A tensor is the fundamental building block of all DL toolkits. The name sounds rather mystical, but the underlying idea is that a tensor is a multi-dimensional array. Building analogy with school math, one single number is like a point, which is zero-dimensional, while a vector is one-dimensional like a line segment, and a matrix is a two-dimensional object. Three-dimensional number collections can be represented by a parallelepiped of numbers, but they don’t have a separate name in the same way as a matrix. We can keep this term for collections of higher dimensions, which are named multi-dimensional arrays.
Another thing to note about tensors used in DL is that they are only partially related to tensors used in tensor calculus or tensor algebra. In DL, tensor is any multi-dimensional array, but in mathematics, tensor is a mapping between vector spaces, which might be represented as a multi-dimensional array in some cases but has much more semantical payload behind it. Mathematicians usually frown at everybody who uses well-established mathematical terms to name different things, so, be warned.
Figure 1: Going from a single number to an n-dimension tensor
This article is an excerpt from the book Deep Reinforcement Learning Hands-On – Second Edition by Maxim Lapan. This book is an updated and expanded version of the bestselling guide to the very latest RL tools and techniques. In this article, we’ll discuss the fundamental building block of all DL toolkits, tensor.
Creation of tensors
If you’re familiar with the NumPy library, then you already know that its central purpose is the handling of multi-dimensional arrays in a generic way. In NumPy, such arrays aren’t called tensors, but they are in fact tensors. Tensors are used very widely in scientific computations as generic storage for data. For example, a color image could be encoded as a 3D tensor with dimensions of width, height, and color plane.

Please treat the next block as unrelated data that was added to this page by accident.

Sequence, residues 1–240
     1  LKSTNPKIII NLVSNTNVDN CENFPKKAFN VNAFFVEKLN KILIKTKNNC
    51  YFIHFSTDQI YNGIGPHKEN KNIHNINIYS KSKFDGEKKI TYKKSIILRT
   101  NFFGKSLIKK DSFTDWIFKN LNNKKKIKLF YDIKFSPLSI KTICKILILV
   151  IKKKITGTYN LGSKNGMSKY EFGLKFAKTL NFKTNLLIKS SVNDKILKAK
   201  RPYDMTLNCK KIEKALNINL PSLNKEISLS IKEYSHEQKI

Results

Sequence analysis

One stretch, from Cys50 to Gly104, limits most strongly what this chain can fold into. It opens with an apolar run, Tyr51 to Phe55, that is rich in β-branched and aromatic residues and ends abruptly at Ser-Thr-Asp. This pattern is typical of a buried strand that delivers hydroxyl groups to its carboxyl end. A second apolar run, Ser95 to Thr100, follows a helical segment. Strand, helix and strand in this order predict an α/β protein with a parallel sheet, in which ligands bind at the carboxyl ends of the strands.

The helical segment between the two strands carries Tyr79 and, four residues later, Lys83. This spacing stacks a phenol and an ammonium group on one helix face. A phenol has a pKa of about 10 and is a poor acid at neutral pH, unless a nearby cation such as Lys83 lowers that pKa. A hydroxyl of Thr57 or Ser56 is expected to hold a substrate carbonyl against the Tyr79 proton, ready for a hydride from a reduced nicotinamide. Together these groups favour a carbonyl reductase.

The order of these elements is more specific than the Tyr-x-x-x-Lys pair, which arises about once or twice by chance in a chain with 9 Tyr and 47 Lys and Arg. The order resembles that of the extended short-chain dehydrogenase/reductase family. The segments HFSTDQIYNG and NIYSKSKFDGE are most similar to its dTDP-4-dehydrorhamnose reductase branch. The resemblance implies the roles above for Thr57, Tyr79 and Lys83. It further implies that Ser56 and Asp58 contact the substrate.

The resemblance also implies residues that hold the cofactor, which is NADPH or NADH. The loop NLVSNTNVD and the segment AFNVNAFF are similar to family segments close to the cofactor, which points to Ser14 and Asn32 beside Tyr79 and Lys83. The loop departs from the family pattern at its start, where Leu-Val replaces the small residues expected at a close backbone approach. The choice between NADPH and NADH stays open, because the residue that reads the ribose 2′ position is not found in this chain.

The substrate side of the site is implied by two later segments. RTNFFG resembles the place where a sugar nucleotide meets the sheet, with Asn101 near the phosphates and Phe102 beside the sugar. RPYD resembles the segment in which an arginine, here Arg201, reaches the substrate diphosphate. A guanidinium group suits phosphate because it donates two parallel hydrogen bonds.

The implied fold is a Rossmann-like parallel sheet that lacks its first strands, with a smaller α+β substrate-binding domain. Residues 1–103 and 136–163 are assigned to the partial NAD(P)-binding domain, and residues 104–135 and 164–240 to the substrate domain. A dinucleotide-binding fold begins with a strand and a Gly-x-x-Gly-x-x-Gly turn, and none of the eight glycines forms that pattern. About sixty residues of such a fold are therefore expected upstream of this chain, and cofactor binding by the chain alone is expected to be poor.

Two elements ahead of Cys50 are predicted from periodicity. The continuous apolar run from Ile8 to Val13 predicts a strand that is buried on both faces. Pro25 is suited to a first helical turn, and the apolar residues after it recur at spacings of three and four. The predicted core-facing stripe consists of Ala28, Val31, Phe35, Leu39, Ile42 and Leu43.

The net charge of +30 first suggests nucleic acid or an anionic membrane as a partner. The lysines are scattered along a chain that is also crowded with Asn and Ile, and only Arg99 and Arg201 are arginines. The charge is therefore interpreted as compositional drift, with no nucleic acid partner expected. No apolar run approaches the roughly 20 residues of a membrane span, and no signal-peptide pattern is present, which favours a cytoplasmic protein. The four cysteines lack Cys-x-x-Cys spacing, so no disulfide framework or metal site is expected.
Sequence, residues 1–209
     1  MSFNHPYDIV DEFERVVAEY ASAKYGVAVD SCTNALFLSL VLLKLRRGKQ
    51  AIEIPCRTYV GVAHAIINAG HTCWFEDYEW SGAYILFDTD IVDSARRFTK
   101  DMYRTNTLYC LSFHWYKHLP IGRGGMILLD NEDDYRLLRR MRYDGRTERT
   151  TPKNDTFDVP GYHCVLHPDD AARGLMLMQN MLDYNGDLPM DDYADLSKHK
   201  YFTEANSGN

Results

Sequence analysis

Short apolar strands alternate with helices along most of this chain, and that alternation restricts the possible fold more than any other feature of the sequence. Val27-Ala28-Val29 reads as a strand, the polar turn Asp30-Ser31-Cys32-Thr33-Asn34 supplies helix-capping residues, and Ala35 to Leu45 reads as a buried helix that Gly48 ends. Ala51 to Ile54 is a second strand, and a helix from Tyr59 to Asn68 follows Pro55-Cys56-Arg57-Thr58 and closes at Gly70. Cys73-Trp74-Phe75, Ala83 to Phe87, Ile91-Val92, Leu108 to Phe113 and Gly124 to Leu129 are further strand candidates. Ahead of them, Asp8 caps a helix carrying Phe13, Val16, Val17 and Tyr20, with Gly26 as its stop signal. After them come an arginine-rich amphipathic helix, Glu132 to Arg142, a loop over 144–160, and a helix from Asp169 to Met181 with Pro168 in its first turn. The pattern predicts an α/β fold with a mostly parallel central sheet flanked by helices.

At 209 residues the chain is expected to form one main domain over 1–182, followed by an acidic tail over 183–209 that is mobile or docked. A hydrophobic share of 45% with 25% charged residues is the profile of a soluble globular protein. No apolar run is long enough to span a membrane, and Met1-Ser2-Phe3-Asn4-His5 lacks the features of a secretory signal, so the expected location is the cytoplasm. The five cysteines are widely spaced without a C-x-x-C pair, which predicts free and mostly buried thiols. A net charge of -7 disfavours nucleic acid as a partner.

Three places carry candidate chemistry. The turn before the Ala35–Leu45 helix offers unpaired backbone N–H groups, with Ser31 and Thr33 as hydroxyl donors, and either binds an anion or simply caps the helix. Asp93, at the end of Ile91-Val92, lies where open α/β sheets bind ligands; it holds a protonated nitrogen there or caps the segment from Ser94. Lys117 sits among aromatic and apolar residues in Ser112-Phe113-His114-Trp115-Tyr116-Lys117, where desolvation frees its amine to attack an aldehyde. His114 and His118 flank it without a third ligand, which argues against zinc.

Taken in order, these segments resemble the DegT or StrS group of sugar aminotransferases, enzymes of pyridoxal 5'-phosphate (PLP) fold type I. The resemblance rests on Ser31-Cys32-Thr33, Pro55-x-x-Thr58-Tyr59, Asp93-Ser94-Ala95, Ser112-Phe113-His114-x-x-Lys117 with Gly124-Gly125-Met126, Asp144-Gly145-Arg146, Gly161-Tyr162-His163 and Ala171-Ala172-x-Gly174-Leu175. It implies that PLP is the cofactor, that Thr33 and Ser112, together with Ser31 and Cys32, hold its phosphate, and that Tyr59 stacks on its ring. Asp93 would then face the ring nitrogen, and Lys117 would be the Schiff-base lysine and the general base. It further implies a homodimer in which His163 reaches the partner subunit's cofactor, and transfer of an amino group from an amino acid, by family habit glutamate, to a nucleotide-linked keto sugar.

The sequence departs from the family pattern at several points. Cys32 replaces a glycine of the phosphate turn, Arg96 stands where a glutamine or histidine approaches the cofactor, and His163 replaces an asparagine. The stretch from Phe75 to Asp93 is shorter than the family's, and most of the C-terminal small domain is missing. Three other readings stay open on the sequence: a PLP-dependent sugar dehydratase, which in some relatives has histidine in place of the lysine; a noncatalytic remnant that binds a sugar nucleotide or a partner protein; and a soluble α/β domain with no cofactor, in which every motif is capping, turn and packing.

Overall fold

Apart from dimensions, a tensor is characterized by the type of its elements. There are eight types supported by PyTorch: three float types (16-bit, 32-bit, and 64-bit) and five integer types (8-bit signed, 8-bit unsigned, 16-bit, 32-bit, and 64-bit). Tensors of different types are represented by different classes, with the most commonly used being
torch.FloatTensor (corresponding to a 32-bit float),
torch.ByteTensor (an 8-bit unsigned integer), and
torch.LongTensor (a 64-bit signed integer). The rest can be found in the PyTorch documentation.
There are three ways to create a tensor in PyTorch:
- By calling a constructor of the required type.
- By converting a NumPy array or a Python list into a tensor. In this case, the type will be taken from the array’s type.
- By asking PyTorch to create a tensor with specific data for you. For example, you can use the torch.zeros() function to create a tensor filled with zero values.
To give you examples of these methods, let’s look at a simple session:
>>> import torch >>> import numpy as np >>> a = torch.FloatTensor(3, 2) >>> a tensor([[4.1521e+09, 4.5796e-41], [ 1.9949e-20, 3.0774e-41], [ 4.4842e-44, 0.0000e+00]])
Here, we imported both PyTorch and NumPy and created an uninitialized tensor of size 3×2. By default, PyTorch allocates memory for the tensor, but doesn’t initialize it with anything. To clear the tensor’s content, we need to use its operation: